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by Abigail Van Buren

DEAR ABBY: I am a 12-year-old girl and I need some advice. My dad recently had an affair with a woman he met when he went back to school. She is also married. He asked her to marry him, but she said no, so he decided to come back home. He has left us twice before, so my home isn't very stable.

My parents got married at a very young age and have been together for 26 years. Mom tells me she doesn't want to get divorced, because she is still in love with him and thinks that "a two-parent home is better than a one-parent home." She may be right, but even my counselor agrees that one stable parent is better than two unstable parents.

Now that Dad is living back home, he expects me to act like nothing happened -- that we are "one happy family." I can't do it, and I'm still very hurt. What should I do? -- NEEDS ADVICE IN CALIFORNIA

DEAR NEEDS ADVICE: Since no one in your family has amnesia, your father's expectations are unrealistic. Considering the fact that he has left the family multiple times, your feelings of hurt and distrust are valid. Family counseling could be helpful to all of you, but if your parents are unwilling, the wisest thing you can do is to continue talking with your counselor until you work through more of your feelings.

DEAR ABBY: Our oldest daughter "Bonnie" has just entered into her second relationship since her recent divorce. We are concerned that she continually uproots our grandchildren to move to a different place. We feel it's time a woman in her 30s "settled down" and gave her children a stable home environment. The father of the children was killed in an unfortunate accident.

Each time she claims to be "in love" and expects us to welcome her new man when we have barely had time to adjust to the last one. Our youngest daughter, "June," feels as we do. Consequently, the two girls no longer speak.

Our dilemma: Since we all live far away from each other, we get together once a year for a family reunion. We always stay with June and her family because Bonnie has never had a spare room until now. Our reunion is coming up, and because of the rift we won't all be together. We would like to see Bonnie and the grandchildren, but are not interested in meeting her new man or traveling to her new home.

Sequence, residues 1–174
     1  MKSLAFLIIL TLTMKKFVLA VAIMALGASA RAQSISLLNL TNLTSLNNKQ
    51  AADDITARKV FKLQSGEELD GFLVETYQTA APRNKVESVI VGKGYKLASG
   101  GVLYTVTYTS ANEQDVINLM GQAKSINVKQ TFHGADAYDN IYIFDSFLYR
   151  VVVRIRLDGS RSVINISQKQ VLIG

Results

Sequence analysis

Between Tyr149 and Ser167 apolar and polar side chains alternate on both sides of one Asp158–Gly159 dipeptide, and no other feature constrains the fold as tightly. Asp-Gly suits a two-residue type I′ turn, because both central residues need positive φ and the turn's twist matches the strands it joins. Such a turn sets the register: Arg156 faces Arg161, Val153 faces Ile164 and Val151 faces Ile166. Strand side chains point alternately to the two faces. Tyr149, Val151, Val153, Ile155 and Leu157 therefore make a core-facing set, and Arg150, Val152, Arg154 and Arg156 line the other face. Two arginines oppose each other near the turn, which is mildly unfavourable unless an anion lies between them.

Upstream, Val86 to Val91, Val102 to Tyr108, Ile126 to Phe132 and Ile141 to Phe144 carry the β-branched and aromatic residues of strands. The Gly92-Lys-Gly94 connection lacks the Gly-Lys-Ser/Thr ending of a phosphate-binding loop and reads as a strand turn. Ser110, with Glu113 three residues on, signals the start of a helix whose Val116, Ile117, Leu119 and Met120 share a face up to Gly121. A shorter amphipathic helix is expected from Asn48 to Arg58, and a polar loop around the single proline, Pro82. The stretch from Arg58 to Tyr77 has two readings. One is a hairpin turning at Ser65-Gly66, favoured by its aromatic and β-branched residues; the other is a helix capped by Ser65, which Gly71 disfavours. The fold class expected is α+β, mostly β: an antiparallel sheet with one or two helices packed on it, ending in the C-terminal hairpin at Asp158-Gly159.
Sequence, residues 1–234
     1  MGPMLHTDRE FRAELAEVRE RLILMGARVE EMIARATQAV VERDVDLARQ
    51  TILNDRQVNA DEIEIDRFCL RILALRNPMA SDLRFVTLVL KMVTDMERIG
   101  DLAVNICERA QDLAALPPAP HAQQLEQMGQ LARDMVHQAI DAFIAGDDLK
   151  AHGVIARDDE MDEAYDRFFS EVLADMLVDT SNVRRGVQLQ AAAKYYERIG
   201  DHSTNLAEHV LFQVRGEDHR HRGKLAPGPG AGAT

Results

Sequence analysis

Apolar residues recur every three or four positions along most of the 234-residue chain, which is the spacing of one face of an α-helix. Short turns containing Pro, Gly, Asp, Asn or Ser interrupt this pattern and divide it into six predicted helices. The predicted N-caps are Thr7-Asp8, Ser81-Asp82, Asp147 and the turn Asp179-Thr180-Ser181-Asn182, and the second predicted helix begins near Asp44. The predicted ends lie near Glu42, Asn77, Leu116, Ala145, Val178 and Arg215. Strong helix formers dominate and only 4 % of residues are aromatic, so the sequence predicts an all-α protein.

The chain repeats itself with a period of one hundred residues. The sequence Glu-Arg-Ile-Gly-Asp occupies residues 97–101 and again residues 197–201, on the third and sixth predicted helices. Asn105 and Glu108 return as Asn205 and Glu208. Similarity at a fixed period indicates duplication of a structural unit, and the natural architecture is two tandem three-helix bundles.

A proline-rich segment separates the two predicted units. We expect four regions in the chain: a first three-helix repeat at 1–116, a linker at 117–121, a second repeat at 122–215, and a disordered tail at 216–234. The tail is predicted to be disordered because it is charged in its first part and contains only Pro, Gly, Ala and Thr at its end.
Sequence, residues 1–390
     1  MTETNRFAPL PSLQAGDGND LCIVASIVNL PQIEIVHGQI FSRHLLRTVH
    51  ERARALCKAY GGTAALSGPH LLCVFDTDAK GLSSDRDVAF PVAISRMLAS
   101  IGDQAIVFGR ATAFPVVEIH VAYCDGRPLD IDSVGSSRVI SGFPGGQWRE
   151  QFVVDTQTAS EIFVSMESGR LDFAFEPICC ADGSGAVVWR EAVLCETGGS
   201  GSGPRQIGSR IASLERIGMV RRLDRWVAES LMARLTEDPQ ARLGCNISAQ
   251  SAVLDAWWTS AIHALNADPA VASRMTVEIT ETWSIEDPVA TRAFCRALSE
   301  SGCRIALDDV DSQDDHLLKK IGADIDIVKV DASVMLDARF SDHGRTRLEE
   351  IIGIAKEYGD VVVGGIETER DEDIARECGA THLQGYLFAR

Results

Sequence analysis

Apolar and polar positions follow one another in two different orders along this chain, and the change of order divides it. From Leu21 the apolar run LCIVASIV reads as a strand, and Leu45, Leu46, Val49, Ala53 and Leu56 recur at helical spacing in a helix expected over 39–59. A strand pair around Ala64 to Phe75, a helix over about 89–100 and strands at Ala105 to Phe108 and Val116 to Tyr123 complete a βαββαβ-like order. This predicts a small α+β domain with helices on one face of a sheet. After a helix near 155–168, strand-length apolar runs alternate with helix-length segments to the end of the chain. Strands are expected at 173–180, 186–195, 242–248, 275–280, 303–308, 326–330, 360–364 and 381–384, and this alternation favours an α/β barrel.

How can I diplomatically explain to Bonnie and settle on a neutral place to meet without any hurt feelings? -- CAUGHT IN THE MIDDLE

DEAR CAUGHT: There is no way you can do that, so I urge you to rethink your plan of action. You are not helping your daughter, Bonnie, to make "wise choices" by making her feel like an outcast. If June doesn't want to speak to her -- fine. But Bonnie has suffered enough tragedy and disappointment without your adding to her grief. Punishing her will only widen the rift.

DEAR ABBY: The woman I live with accepted a gift -- a dog -- from a guy. Six weeks later she had an affair with him. It happened only weeks after we had made commitments for a future together.

The problem now is the dog. She says she is keeping it because it was a personal gift. I don't want it around because it is a constant reminder that she cheated on me with the person who gave it to her. I feel that keeping the dog shows a lack of respect for me and our relationship.

I need an answer. Should she keep the dog? -- GARY IN LINCOLN, NEB.

DEAR GRAY: Considering what the dog symbolizes, certainly not. And if she insists on keeping it, I predict your future will be 'ruff, 'ruff, 'ruff!

Dear Abby is written by Pauline Phillips and daughter Jeanne Phillips.

Abby shares more than 100 of her favorite recipes in two booklets: "Abby's Favorite Recipes" and "More Favorite Recipes by Dear Abby." Send a business-size, self-addressed envelope, plus check or money order for $10 (U.S. funds)

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